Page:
Paradise Killer’s breezily cheerful trailer is only telling half the truth. It most certainly is a colourful, sometimes goofy investigatory adventure in the vein of Phoenix Wright, but it’s also weird, a dizzyingly high-concept descent into the menace of the unknown, where balmy afternoons and beach-side cocktails co-exist with genuinely disquieting cosmic nightmares from beyond the stars.
Welcome, then, to Paradise, a breathlessly stylish, vaporwave wisp of a tropical island retreat, where palm trees forever sway in the afternoon breeze, where turquoise waters stretch from pristine beaches to an unblemished horizon, and where monstrous effigies of brutal gods spill out across every square inch, like entrails from a festering wound.
More specifically, welcome to Paradise 24, the latest attempt by the mysterious Syndicate to create a perfect living mechanism capable of sustaining the religious fervour required to resurrect the Old Gods it reveres. Like all 23 previous attempts, however, Paradise 24 is doomed, corrupted, and poised to be scrubbed from existence in order to begin the cycle anew.
But this time, things are different; on the island’s last evening, as the brilliant sun makes its final descent below the horizon, the Syndicate’s ruling Council is horrifically butchered. Enter Lady Love Dies (Paradise Killer has a fine line in absurdist names, from Lunatic Pope to Leon Disaster), brought back from exile to resume her – and now your – investigatory duties; to figure out which of the nine remaining islanders are responsible for the Council’s slaughter, so that Paradise 24 may die and Perfect 25 may thrive.
And that’s only the first few minutes of Paradise Killer’s story; from there, it explodes in multiple directions at once, masterfully intertwining an intricately constructed murder plot with a second, and arguably more interesting, mystery: the truth of the island itself, gradually unfurling to reveal a rich, expansive, and wonderfully imaginative lore, spanning centuries and a pantheon of preposterous gods.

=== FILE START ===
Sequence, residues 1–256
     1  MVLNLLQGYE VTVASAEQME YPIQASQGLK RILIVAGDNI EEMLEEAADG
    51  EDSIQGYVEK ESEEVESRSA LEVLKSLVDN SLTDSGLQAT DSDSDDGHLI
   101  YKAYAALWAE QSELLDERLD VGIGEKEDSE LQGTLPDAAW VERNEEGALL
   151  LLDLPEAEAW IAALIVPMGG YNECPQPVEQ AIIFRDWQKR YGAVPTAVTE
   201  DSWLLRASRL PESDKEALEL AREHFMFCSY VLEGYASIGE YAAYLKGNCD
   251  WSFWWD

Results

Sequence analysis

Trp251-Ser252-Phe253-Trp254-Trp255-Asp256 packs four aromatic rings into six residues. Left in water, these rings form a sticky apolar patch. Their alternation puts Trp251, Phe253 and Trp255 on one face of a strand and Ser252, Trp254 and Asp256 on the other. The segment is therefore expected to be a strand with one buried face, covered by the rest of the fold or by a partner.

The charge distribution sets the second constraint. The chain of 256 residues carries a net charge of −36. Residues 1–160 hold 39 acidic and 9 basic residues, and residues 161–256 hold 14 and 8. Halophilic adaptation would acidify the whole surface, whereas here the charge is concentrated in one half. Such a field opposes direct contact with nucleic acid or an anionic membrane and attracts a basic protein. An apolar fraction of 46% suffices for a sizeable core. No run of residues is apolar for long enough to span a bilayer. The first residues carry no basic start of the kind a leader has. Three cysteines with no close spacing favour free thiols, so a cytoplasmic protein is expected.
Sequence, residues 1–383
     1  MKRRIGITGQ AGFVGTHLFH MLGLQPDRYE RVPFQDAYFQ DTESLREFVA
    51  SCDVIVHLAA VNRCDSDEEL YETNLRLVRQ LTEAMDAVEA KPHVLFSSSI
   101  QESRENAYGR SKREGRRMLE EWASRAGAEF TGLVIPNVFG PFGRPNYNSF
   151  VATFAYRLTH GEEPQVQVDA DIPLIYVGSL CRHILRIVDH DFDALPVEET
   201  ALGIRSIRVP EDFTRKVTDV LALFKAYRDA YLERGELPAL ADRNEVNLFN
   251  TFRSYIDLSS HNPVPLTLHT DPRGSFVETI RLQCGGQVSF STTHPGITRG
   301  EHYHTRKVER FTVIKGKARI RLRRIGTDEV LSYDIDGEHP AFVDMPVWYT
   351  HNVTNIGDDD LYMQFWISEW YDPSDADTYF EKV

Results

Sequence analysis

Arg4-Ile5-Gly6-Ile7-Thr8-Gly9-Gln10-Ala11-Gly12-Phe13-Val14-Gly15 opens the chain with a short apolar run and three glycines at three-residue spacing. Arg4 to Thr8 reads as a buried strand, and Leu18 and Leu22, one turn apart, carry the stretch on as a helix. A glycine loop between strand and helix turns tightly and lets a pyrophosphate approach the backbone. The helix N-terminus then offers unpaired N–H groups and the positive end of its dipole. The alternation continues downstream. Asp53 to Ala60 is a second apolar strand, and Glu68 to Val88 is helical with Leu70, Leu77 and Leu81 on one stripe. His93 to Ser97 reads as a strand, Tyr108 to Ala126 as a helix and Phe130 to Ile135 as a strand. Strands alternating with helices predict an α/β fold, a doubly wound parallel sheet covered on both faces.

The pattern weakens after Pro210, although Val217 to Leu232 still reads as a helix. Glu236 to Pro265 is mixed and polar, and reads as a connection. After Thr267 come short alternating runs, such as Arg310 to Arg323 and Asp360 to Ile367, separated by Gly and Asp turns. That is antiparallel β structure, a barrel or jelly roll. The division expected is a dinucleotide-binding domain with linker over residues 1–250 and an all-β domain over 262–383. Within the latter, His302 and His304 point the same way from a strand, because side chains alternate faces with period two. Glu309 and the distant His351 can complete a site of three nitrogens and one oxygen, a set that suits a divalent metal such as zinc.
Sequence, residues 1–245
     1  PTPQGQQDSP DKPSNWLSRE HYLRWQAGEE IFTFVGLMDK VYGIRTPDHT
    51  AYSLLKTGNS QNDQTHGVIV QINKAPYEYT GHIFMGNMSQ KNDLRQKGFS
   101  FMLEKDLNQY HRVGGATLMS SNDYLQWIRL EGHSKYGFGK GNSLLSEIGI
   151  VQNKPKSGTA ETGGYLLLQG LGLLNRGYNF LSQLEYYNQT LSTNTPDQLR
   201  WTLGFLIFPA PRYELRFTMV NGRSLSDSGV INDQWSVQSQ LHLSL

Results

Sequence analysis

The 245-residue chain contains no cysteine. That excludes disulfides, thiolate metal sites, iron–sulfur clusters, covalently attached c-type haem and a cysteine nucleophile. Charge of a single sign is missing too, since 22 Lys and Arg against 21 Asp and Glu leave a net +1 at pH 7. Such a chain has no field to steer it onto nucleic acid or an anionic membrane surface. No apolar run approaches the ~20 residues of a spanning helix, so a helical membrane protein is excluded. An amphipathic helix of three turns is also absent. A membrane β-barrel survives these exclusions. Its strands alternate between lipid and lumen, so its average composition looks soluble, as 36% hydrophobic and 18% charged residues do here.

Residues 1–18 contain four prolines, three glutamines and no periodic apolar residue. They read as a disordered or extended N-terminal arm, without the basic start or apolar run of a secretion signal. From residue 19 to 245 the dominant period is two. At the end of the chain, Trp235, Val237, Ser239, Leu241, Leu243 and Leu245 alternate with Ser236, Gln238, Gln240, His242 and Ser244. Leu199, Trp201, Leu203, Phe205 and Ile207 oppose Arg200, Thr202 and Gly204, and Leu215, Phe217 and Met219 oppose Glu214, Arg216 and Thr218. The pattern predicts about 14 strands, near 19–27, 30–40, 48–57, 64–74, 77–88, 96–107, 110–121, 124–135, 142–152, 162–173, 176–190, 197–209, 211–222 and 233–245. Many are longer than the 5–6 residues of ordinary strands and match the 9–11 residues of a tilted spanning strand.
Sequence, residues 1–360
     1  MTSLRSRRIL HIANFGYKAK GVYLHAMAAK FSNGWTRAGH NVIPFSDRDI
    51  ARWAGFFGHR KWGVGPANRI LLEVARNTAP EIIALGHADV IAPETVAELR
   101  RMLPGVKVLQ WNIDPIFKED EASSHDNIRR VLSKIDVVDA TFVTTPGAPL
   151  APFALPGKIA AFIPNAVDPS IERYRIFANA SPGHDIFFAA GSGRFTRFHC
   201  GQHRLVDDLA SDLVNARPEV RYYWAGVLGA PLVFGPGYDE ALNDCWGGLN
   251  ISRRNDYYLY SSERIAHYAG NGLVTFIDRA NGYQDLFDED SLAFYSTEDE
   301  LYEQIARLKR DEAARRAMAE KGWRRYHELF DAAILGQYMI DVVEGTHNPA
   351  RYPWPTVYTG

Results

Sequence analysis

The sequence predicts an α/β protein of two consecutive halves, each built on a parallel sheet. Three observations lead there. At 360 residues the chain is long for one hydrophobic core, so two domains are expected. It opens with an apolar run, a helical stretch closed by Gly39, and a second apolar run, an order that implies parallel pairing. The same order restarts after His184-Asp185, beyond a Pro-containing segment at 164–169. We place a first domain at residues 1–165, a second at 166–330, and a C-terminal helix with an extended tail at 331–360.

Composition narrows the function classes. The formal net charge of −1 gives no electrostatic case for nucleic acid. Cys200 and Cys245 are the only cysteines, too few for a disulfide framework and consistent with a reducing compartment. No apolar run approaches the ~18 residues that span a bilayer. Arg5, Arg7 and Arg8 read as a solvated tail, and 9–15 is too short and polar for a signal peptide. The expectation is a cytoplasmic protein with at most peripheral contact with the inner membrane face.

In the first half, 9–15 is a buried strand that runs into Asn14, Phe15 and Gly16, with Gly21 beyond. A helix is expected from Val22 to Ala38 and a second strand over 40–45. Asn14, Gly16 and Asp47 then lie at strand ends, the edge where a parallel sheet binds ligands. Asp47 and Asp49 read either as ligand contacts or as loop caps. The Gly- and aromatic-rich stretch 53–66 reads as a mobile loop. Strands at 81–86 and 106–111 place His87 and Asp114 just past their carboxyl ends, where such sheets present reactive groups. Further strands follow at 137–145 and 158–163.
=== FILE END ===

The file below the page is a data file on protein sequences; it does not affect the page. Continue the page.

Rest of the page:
It makes for an enormously compelling, occasionally philosophical tale of sun, sea, and blood ritual sacrifice. And while that’s certainly not an easy mix, Paradise Killer’s carefully balanced tone never falters, successfully presenting a breezy, upbeat veneer, while a genuinely unsettling, and refreshingly idiosyncratic, threat of cosmic and human horror builds insidiously beneath the surface.
Much of its fizz comes from its lively, appealingly diverse cast of characters, ranging from a fighter turned reluctant idol after a thankful god blessed her with the head of a goat, to a blood-red skeleton eternally caught between life and death following a confession of true love. There are zealots and assassins, even a naked blue demon that drops by to comment cryptically, and rather sassily, on proceedings – very much in the Grasshopper Manufacture mould – before its literally explosive departure.
As you might imagine, with the shadow of suspicion hanging over them, the island’s inhabitants are all selective with the information they’re initially willing to share, and getting to know them, and interrogating them more deeply as new leads arise, is a crucial aspect of resolving Paradise Killer’s murder mystery.
Genre fans will immediately recognise elements of Phoenix Wright and Danganronpa in the structure of Paradise Killer’s investigative design, but developer Kaizen Game Works reshapes them into an almost entirely open-ended adventure, giving players the freedom to explore Paradise, and unearth it’s secrets, however they choose.
Probe the island thoroughly enough and you might stumble across a secluded crime scene, a vital piece of carelessly discarded evidence – perhaps a body part beneath a rotting walkway or suspicious tracks atop a distant hill – even the occasional hackable computer or environmental puzzle, all steadily expanding your search for the truth. And as new avenues of investigation open, whether through character testimony or exploratory discovery, the loop begins anew.